Key Ideas about this Work of Art
- This kinetic sculpture is made from stainless steel. It consists of five forms, each perched on top of a 25-foot-tall pole, that resemble abstracted airplane parts.
- The design was inspired by the aerial stunts practiced by Russian fighter pilots. The sculpture performs a similar stunt, spinning and flipping in response to the movement of the wind. The wind also enables the sculpture to make musical sounds. When the sculpture moves in the breeze, the bells attached to the beams begin to ring.
- For more than 30 years, Bill and Mary Buchen have worked together to create public art installations and interactive sound sculptures around the world. They collaborate to design works that combine art and music and encourage a sense of community. Their playground sculptures and “sonic architecture” invite people of all ages to play and participate in activities together.
- The Buchens have spent time with musicians from around the world. They learned from them how to create instruments that make musical sounds from many different cultures.
Flight Wind Reeds, by artists Mary and Bill Buchen, is a kinetic sculpture commissioned in 2003. The artwork’s five aluminum and stainless-steel, aerodynamic elements — each with brass bells — are references to the mechanics of flight and the abstracted parts of an airplane.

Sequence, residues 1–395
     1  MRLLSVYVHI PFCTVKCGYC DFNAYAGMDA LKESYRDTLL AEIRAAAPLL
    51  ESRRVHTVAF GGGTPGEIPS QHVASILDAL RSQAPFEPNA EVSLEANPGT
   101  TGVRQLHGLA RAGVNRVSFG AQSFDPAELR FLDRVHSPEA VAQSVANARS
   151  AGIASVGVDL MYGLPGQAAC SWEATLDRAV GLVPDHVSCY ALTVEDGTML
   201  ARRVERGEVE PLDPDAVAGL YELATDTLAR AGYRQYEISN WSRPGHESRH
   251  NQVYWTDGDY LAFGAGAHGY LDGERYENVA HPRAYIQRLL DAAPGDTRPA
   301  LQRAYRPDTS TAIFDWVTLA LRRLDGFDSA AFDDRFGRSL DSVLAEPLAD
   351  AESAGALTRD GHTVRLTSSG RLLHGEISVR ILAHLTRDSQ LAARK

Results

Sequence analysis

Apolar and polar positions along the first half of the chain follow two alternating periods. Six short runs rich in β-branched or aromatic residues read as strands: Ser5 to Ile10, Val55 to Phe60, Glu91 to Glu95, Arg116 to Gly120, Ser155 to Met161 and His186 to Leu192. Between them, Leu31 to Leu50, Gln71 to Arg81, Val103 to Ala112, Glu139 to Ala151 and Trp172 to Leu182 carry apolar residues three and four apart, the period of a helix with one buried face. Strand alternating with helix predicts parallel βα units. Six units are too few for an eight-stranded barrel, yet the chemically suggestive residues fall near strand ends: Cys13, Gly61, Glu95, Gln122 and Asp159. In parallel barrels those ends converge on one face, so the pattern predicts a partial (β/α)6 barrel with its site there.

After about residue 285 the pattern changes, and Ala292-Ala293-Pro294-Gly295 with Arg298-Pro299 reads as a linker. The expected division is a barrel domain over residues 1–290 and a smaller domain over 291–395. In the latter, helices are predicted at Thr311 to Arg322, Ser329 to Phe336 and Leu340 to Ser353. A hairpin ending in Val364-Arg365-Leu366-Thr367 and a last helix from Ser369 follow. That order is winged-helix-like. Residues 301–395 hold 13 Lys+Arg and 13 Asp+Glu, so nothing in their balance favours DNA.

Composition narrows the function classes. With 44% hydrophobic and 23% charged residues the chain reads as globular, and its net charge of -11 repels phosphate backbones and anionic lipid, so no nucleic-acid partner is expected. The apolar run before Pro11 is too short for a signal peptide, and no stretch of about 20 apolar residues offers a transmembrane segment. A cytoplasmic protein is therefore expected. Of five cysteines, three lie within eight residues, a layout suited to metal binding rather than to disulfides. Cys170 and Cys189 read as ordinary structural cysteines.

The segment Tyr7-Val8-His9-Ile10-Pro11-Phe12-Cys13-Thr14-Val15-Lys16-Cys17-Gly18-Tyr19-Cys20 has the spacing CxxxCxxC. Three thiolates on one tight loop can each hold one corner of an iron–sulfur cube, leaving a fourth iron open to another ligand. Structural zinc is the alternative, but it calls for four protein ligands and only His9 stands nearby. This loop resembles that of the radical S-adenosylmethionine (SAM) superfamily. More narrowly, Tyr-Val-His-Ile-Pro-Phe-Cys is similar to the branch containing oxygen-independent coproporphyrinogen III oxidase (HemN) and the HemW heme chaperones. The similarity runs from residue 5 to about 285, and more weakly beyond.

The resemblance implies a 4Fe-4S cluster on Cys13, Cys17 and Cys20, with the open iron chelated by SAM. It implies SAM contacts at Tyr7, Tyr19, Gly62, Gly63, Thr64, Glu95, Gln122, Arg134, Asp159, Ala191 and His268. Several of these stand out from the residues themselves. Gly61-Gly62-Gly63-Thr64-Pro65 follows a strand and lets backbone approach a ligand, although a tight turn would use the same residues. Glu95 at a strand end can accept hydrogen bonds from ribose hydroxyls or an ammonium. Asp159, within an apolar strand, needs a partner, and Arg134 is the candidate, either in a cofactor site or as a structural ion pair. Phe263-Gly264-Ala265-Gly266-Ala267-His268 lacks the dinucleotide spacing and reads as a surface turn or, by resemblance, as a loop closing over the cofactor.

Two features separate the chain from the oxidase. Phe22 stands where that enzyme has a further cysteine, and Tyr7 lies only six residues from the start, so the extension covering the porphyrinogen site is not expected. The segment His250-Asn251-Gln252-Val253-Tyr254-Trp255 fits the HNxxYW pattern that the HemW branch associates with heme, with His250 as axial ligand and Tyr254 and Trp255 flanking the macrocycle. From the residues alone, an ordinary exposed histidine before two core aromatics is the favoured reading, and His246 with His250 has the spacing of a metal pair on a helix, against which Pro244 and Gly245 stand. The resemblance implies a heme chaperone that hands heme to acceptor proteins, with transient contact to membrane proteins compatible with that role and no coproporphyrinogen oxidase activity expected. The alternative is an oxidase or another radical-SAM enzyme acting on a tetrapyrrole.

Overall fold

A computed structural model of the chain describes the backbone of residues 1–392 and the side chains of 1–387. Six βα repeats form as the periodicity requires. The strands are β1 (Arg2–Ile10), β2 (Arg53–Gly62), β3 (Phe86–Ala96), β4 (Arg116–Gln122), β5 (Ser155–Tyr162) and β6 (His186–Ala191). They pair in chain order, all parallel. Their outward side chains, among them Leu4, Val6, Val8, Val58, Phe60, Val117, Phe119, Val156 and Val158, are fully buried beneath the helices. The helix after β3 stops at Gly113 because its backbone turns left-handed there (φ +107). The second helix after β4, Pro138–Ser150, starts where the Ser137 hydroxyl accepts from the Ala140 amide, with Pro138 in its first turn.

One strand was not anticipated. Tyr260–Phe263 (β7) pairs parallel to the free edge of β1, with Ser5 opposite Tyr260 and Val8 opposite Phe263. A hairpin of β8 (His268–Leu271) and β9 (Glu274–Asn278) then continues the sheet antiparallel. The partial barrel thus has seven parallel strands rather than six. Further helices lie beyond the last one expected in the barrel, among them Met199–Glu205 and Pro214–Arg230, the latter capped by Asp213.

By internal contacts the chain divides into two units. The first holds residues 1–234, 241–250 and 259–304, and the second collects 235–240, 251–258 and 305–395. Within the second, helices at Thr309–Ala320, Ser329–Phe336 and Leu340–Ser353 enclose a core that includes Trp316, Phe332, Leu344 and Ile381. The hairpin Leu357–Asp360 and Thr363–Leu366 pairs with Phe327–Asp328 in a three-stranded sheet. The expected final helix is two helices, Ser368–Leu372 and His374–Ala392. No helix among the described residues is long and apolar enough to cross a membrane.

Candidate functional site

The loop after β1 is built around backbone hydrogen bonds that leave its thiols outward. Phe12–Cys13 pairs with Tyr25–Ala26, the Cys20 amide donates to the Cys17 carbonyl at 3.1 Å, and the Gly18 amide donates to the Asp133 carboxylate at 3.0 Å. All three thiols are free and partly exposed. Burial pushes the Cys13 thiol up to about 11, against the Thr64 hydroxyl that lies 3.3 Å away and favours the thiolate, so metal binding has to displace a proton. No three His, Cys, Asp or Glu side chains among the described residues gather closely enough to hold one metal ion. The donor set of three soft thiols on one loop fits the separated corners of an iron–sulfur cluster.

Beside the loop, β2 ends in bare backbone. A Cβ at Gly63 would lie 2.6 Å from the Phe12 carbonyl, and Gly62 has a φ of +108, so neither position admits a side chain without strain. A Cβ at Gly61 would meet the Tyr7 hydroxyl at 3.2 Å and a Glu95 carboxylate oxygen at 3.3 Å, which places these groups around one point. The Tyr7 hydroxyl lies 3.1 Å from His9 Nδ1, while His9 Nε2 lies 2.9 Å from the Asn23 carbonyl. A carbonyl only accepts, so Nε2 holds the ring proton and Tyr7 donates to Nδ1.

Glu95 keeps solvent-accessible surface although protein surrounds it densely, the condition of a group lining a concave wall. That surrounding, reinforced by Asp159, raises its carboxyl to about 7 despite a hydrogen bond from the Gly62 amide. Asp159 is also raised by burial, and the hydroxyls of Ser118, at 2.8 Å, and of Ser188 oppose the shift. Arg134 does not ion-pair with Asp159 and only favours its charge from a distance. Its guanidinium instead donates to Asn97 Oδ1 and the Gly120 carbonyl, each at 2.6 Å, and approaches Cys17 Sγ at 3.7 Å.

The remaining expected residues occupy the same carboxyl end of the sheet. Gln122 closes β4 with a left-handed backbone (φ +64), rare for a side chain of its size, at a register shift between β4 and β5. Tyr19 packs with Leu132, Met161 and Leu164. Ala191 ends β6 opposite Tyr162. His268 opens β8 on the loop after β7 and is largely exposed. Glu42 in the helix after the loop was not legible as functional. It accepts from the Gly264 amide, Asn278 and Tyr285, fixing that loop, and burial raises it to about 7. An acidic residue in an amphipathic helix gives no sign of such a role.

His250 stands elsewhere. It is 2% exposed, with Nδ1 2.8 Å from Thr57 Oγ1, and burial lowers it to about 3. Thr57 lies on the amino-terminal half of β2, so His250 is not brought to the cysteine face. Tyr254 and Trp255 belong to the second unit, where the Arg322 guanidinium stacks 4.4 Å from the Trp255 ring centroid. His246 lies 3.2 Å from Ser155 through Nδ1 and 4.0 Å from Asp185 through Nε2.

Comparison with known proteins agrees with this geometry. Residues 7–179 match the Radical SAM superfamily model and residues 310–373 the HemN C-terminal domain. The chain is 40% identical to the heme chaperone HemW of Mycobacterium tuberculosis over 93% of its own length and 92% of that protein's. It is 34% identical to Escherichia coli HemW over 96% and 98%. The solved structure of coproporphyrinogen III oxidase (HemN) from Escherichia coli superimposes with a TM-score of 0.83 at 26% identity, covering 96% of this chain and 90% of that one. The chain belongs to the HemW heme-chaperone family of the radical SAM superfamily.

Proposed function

This work is the second in the Buchens’ series of kinetic sculptures, created after the artists took inspiration from the television images of Russian fighter pilots performing aerial stunts. The pilots would fly their planes up to 700 miles per hour and then, suddenly, cut the engines off, causing the planes to flip up and backward. The sleek, aerodynamic forms of the reeds are designed to mimic this kind of behavior; they perform a similar stunt in response to wind force, spinning and then flipping up.
Flight Wind Reeds makes visible the invisible — the motion, pace, sound, and physical energy of the wind. The sculpture also greets visitors approaching East and West buildings from the adjacent car lot or the Ann and Jim Goodnight Museum Park. It’s a fitting sight for those just arriving, as they might get the feeling of being whisked away to another world, venturing ahead to the art that awaits them.
Resources for Teachers
- Read an article about another art installation by the Buchens.
- Read an interview with the artists.
- Read an article about the artists’ musical sculptures.
Resources for Students